*This article was updated at 8:05 p.m.
COLUMBIA — Despite a proposed second year of relatively stable funding, the UM system is planning ahead for deeper cuts in 2012.
Gov. Jay Nixon announced Tuesday that Missouri’s four-year public colleges and universities will not see an increase in tuition or academic fees for the second year in a row. However, federal stabilization funds are set to expire by 2012.
Nixon spokesman Scott Holste said the agreement, which has yet to be approved, will not impose a tuition increase on in-state undergraduate students for the 2010-2011 school year. The agreement has to pass through the institutions’ governing boards and the Missouri General Assembly, which begins its session in January.
According to a news release, Nixon has agreed to maintain higher education funding at about 95 percent of the current fiscal year’s appropriation — a reduction of 5.2 percent, or $42 million.
Holste said this is the second consecutive year Missouri in-state students have benefited from a tuition freeze. If the agreement passes, 13 Missouri public institutions will benefit from the freeze, including the entire University of Missouri System.
"There will be no increase for Missouri families," Holste said.
In other states, tuition has increased by an average of 6.5 percent nationally in the past year, the release stated. Some have seen increases of nearly 17 percent.
MU's tuition has increased for the past decade prior to last year's freeze. The largest was a 18.1 percent increase for the 03-04 school year.
Because it must pass through the General Assembly, the decision to freeze tuition is one that is evaluated annually, Holste said.
UM system president Gary Forsee said freezing tuition after years of budget cuts and rising tuition has "started to stabilize this roller coaster that we've been on."
Forsee said it is important to plan quickly for 2012. Last year, he released a list of potential cuts and expense reductions that can act as a starting point for planning ahead.
"Every dollar now has a multiplying effect later," Forsee said.
Forsee will meet with high level system administrators on Wednesday to address some of the budget issues.
According to the MU Cashiers Web site, in-state undergraduate students pay $245.60 per credit hour, whereas out-of-state students pay that fee in addition to $369.70 per credit hour. In-state graduate students pay $298.70 per credit hour.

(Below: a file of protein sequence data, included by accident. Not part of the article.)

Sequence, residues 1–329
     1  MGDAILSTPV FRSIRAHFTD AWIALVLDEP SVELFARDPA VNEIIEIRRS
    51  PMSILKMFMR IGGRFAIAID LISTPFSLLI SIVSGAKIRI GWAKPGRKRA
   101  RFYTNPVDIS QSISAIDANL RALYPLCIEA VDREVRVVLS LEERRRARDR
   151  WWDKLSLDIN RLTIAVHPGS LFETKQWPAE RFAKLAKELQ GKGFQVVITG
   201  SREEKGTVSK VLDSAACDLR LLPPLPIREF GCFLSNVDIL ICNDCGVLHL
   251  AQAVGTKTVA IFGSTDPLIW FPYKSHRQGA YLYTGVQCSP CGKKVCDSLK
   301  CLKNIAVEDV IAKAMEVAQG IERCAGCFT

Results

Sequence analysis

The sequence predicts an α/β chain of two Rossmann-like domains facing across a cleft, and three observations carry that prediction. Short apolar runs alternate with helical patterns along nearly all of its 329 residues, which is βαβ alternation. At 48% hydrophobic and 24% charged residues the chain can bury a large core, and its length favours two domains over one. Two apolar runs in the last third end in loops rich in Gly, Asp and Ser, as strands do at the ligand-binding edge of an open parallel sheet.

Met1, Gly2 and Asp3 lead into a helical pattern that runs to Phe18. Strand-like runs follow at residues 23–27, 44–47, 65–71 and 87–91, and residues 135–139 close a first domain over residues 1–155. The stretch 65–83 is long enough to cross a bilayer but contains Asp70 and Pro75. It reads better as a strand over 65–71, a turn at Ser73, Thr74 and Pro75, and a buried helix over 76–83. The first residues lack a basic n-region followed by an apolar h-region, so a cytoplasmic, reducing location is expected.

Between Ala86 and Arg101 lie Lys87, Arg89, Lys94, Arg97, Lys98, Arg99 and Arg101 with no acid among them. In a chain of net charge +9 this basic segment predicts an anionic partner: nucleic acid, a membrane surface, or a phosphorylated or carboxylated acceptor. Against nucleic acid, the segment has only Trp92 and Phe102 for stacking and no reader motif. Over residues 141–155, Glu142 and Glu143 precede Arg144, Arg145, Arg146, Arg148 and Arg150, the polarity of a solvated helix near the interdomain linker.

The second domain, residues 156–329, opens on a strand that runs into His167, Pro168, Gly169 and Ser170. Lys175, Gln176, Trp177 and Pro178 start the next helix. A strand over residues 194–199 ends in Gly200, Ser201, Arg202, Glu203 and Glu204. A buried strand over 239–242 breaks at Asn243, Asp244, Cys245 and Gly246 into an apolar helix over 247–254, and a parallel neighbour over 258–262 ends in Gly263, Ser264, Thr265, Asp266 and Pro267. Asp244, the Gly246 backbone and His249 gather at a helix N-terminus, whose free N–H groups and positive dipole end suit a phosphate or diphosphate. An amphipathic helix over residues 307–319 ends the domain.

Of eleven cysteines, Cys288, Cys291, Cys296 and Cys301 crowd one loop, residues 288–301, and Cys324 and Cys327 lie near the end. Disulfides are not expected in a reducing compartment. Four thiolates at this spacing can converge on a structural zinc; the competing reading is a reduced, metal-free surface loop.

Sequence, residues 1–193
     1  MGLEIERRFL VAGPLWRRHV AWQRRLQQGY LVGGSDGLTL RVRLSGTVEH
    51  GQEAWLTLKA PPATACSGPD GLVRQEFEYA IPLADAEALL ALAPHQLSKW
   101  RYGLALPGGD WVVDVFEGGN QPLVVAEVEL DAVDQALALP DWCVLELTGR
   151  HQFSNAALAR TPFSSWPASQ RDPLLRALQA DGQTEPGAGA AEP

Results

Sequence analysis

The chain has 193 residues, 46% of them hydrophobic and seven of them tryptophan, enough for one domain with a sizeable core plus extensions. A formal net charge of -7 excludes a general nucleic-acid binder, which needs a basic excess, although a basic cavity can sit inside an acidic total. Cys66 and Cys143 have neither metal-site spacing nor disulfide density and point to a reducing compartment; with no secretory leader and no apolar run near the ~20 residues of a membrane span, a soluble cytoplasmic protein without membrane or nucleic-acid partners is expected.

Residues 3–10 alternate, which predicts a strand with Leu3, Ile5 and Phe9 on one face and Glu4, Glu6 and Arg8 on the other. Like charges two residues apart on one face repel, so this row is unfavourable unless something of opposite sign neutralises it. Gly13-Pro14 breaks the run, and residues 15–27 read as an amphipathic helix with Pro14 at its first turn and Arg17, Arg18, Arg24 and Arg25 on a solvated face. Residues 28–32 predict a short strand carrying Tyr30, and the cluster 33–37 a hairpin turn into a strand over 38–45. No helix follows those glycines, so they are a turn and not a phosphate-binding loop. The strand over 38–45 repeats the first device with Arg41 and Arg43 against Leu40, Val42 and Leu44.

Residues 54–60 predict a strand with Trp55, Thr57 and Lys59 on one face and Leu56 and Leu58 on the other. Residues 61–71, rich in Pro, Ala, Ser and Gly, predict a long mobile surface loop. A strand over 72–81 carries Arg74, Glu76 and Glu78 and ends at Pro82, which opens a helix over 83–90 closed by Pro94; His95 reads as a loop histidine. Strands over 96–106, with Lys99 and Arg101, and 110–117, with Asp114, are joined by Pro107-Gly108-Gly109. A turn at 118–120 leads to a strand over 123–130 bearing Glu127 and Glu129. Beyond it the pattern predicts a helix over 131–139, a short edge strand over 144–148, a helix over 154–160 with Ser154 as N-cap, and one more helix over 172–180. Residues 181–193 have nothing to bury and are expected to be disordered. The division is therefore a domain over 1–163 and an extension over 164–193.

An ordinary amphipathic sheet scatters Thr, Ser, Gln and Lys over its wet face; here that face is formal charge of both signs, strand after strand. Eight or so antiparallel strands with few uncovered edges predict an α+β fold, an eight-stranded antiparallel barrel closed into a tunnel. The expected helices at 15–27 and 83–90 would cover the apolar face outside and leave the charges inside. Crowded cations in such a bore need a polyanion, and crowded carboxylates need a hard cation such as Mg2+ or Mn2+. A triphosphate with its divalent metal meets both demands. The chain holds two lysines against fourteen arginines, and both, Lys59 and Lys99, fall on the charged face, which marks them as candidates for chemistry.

Here's how the rest of MU's undergraduate fees break down:
- Recreation Facility Fee - Students enrolled in more than six credit hours pay $133.11 per semester for use of the Student Recreation Complex.
Student Activity Fee - Undergraduates enrolled in more than 11 credit hours are charged a $157.56 per semester fee.
Prepaid Health Fee - A $92.78 per semester fee is charged to students enrolled in more than six credit hours, and is optional to those with fewer hours.
Information Technology Fee - Students are charged $12.20 per credit hour.
In addition to these fees, many schools within the university charge students accepted into their programs with specific course fees.
But, these supplemental course fees are not included in the tuition freeze. In addition, graduate, out of state and department fees are excluded from the freeze, Forsee said. He said they could rise, but the decision to do so is made with the discretion of universities.
Lex Akers, MU College of Engineering associate dean for academic programs, said the school charges $54.50 per credit hour for students enrolled in engineering courses. Though he is uncertain if supplemental academic fees will increase, he said he is sympathetic to students.
"If we can hold funding to the university during these difficult financial times, it's wonderful for both the university and the citizens of Missouri," he said.
In May, Missouri lawmakers passed a budget that spares colleges and universities from cuts to their core operating budgets for the 2009-2010 school year. They did so by tapping into millions of dollars of what's known as the "budget stabilization" portion of the federal stimulus package, as previously reported in the Missourian.
Senate Appropriations Committee Chairman Rob Mayer, R-Dexter, said in a news release that Nixon's announcement is premature.
"We have yet to determine the coming year's budget consensus revenue. That means we do not yet know how much money will even be in the state's bank account to fund the critical functions of state government," Mayer said in the release.
Mayer said he hopes the freeze agreement will extend to fees other than tuition.
"It is my hope that the agreement includes freezes in the ancillary costs that students incur while attending college, such as their room and board, meals and recreation fees, among others," he said.
State legislators, such as Sen. Joan Bray, D-St. Louis County, and House Budget Chairman Allen Icet, R-St. Louis County, said they supported the governor's strategy to make it clear what he wants early.
"I think it's great for Missouri families and students to know they're not going to have to dig deeper in their pockets," Bray said.
Both legislators said it was still early in the process and specifics could change as more details about how the final budget will look become more apparent.
MU News Bureau spokesman Christian Basi said Nixon will speak at a press conference at 9 a.m. Wednesday at the Reynolds Alumni Center. Forsee and MU Chancellor Brady Deaton are also expected to attend.